Montreal, June 3, 2008 – With the opening today of the world food security conference of the United Nations Food and Agriculture Organization, Canada could assume a leadership role in the area of market liberalization. The world food crisis and the resumption of the Doha round of trade talks give Canada an opportunity to abolish supply management and customs duties on foodstuffs to benefit from the growing rise in demand from emerging countries.
Economists Marcel Boyer and Sylvain Charlebois, the authors of an Economic Note from the Montreal Economic Institute on the Doha round and agricultural trade, warn that “hiding behind protectionist customs tariffs and staking the future on a domestic market that has already reached maturity can lead only to disaster.”
Three major policy changes are needed:
- a major reduction or outright abolition of direct and indirect subsidies to agriculture in developed countries, including customs tariffs and import quotas applied to foodstuffs;
- a significant opening by the most powerful developing countries – Brazil, India and China, in particular – to industrial products from developed countries;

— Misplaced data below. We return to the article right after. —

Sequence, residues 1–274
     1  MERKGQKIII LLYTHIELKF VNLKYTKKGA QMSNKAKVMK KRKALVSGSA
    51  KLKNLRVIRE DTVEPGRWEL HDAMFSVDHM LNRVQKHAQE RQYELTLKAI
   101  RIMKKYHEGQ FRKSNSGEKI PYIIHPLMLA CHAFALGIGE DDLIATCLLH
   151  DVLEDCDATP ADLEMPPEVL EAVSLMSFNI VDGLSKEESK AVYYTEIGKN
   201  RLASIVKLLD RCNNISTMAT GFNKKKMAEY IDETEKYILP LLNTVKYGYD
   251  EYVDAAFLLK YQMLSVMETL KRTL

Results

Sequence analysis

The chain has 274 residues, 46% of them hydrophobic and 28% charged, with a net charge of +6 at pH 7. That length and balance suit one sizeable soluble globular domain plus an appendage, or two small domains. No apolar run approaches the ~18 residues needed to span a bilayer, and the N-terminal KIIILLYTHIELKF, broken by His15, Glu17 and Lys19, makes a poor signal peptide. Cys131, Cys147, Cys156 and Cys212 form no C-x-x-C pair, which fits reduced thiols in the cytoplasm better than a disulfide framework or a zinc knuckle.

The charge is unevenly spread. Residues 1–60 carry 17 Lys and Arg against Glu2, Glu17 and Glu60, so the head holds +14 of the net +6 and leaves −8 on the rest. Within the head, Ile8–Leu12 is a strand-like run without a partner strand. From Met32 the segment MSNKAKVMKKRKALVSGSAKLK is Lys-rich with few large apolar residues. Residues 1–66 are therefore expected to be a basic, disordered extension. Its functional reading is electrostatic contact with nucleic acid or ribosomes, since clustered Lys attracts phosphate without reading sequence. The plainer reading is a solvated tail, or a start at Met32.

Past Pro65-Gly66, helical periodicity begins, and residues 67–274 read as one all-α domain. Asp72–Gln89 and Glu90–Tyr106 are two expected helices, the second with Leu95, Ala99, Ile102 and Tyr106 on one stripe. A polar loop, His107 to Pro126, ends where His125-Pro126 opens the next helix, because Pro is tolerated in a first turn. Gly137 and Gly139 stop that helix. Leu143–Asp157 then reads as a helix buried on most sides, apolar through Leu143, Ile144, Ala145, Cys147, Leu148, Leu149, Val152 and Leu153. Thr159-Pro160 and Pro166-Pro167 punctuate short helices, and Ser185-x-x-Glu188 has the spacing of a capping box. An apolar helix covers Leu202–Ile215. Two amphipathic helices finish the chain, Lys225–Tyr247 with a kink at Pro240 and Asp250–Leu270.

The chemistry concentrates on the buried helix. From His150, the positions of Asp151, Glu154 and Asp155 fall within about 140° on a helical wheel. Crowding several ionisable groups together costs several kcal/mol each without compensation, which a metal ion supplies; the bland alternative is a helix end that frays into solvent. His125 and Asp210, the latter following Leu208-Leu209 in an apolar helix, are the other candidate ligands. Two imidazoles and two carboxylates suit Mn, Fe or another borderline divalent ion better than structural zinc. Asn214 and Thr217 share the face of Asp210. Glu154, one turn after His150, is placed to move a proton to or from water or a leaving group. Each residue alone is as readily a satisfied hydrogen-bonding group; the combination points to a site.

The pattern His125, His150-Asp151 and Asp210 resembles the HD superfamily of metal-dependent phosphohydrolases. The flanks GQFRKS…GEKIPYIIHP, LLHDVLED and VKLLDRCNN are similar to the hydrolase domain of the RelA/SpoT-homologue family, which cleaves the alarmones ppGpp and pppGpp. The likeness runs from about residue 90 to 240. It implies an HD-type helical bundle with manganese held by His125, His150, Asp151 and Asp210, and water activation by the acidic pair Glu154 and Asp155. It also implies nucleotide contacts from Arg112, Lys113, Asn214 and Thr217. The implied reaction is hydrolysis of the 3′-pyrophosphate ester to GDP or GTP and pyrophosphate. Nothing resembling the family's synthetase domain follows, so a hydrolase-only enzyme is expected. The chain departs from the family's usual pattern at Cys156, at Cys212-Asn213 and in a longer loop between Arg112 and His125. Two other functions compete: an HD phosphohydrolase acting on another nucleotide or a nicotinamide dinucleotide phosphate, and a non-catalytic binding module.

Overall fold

- more effective international assistance programs aimed at revitalizing the agricultural sector in poor countries through infrastructure investment.
The Economic Note, titled The Doha Development Round and agricultural trade, was prepared by Sylvain Charlebois, associate professor in marketing at the University of Regina, and Marcel Boyer, vice-president and chief economist of the Montreal Economic Institute and Bell Canada professor of industrial economics at the University of Montreal.
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Information and interview requests: André Valiquette, Director of Communications, Montreal Economic Institute, Tel.: (514) 273-0969 ext.. 2225 / Cell: (514) 574-0969 / E-mail: avaliquette (@iedm.org)